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Methadone and Suboxone

A Unique Approach


A synthetic opiate first synthesized as a pain medication and later used for opioid addiction.  Since the 1960's it has been used as "Opioid Replacement Therapy" or "Methadone Maintenance Treatment" to treat opiate addiction.  It is considered a "full" (a "miu" in the Greek lettering) opiate.  It is taken dissolved in or with Tang orange juice in the Ontario program.

Because of its long lasting half-life and ability to work orally in liquid form, it allows once daily use so withdrawal and cravings can be controlled.  As long as your medication is taken orally daily "dope sickness" is avoided and you should be able to function normally.  Properly dosed, you should not feel "high" or sedated.  Of course, side effects are the same as other opiates (most commonly constipation and sweating at higher doses). We will assist you as necessary for strategies to deal with theses side effects should they occur.  Also, if you miss your dose you would likely experience varying degrees of withdrawal depending on how your body individually handles the drug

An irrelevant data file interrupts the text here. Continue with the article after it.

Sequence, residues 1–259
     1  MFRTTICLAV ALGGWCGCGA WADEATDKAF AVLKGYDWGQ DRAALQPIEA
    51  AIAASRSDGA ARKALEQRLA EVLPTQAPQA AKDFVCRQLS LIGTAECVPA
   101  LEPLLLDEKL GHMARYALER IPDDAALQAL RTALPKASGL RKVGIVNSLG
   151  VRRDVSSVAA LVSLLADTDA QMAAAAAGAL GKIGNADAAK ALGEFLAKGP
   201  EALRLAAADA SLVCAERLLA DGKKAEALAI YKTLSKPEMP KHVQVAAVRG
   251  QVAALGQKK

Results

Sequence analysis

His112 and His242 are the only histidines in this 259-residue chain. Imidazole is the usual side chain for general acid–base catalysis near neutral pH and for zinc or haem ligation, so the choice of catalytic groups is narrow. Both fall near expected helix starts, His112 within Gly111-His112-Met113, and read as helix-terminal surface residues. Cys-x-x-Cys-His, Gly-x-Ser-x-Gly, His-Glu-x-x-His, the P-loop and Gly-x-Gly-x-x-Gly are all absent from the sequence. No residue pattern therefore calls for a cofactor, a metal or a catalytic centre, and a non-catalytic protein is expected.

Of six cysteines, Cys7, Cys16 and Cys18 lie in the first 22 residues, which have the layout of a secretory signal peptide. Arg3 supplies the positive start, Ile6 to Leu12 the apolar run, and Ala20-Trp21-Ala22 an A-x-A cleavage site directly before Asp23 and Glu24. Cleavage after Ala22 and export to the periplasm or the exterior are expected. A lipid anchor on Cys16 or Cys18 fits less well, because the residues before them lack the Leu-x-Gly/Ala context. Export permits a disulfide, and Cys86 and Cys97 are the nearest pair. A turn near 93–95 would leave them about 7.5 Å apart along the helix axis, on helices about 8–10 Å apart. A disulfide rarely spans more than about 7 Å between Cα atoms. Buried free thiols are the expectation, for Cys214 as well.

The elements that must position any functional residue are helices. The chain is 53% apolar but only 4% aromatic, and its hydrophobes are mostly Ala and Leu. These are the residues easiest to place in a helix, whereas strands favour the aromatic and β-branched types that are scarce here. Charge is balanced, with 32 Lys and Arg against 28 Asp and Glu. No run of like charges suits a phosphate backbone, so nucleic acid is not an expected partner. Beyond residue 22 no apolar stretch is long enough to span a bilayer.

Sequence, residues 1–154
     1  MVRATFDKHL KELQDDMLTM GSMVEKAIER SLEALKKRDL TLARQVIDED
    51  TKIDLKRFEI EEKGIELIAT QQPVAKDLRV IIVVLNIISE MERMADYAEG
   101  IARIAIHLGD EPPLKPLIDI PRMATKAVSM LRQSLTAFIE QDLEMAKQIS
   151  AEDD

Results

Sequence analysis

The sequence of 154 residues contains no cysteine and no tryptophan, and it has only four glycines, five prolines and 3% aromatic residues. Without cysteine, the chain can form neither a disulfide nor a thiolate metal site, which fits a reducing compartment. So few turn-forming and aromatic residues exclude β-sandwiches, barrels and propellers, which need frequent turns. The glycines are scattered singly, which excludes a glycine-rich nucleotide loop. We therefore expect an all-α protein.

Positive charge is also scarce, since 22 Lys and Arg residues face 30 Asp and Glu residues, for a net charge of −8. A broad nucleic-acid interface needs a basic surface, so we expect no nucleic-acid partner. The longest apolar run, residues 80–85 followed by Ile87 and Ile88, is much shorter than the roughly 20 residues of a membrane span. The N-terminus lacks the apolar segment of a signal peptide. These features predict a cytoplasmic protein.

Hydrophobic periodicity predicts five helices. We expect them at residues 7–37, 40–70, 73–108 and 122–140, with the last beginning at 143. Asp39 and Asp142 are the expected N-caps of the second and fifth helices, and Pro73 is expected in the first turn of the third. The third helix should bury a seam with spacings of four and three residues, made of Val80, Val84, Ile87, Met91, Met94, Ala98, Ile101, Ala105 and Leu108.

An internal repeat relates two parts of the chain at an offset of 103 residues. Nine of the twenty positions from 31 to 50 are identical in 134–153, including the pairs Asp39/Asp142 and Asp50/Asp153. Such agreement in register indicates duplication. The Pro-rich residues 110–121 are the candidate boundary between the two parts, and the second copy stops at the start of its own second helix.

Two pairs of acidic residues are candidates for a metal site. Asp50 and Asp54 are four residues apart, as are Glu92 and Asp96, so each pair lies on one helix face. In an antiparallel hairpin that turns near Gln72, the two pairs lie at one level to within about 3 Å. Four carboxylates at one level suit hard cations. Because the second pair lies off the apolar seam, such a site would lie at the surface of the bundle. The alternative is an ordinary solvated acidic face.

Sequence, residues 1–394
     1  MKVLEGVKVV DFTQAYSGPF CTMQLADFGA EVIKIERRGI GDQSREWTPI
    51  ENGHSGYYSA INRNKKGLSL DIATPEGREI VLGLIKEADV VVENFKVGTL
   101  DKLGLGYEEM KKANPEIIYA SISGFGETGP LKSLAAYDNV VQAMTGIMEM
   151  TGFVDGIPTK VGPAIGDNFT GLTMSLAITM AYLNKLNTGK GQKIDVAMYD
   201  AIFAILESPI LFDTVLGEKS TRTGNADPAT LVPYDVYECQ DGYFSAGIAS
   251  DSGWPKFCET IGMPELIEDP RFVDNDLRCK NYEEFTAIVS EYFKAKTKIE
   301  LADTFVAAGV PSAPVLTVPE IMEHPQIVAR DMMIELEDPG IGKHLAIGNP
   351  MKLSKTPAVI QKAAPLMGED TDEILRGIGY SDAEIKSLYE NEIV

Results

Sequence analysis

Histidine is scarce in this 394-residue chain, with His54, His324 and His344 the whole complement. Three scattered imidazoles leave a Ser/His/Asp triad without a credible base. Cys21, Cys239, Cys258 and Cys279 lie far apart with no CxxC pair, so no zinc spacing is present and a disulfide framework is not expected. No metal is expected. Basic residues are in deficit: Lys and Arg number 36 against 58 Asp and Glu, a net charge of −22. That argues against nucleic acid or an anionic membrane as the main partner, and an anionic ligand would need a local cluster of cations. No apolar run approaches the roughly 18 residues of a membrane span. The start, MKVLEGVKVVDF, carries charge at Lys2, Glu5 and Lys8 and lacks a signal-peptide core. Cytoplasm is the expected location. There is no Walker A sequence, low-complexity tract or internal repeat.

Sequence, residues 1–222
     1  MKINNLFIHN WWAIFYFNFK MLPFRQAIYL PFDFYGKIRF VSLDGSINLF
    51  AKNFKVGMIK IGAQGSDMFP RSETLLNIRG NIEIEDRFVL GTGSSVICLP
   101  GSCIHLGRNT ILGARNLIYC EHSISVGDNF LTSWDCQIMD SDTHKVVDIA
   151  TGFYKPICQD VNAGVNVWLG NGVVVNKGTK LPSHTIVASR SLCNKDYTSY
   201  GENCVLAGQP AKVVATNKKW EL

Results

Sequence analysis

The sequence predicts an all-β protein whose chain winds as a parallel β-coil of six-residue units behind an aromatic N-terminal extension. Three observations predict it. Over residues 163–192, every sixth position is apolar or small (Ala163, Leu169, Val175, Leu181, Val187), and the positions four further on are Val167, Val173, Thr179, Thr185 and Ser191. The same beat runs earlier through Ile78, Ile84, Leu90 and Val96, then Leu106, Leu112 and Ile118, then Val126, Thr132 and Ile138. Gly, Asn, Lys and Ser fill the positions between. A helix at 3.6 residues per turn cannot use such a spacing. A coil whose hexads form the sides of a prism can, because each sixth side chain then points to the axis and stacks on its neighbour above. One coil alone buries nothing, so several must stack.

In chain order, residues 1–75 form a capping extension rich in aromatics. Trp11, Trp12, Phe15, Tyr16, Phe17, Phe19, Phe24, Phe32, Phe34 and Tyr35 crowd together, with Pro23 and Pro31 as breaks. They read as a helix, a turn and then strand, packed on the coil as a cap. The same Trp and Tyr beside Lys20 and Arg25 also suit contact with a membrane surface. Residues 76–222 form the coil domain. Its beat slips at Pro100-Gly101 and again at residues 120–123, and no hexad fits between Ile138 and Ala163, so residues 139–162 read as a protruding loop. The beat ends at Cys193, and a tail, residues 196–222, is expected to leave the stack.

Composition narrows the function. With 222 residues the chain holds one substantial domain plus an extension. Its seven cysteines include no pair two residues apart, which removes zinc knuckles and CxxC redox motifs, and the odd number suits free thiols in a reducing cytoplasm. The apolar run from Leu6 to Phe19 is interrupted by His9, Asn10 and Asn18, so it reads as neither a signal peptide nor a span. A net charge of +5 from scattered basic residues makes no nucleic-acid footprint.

Methadone is the oldest and most studied of treatments available for opiate addiction and is recommended to take in pregnancy should it be necessary.  

Suboxone® (buprenorphine and naloxone together)


A newer and “patial agonist” being used in opiate replacement therapy since 2008 in Canada.  It was first used in France as buprenorphine alone in 1995 and then formulated with naloxone to create Suboxone®  introduced into the US in 2002 for opiate addiction, then the European Union in 2006.  It is taken as a dissolving pill put under the tongue in Ontario.

It is not as powerful an opiate as methadone is some ways.  Its advantages are: it is easier to stabilize quickly and is generally regarded as having less side effects as methadone.  It is also regarded as easier to taper with a less severe withdrawal when discontinued than methadone.


Its main disadvantages are: the possibility of causing withdrawal if started too close to the time one has used their opiate of choice, and the cost.  Many private insurance companies now cover suboxone treatment for medication assisted treatment.  It is covered fully now for those on Ontario Works, Ontario Disability Program and Trillium.  It is much safer in overdose and discourages abuse as it causes withdrawal when injected because of the naloxone component.  


Still not approved in pregnancy, it is being investigated for that purpose and is promising in 

preliminary studies.

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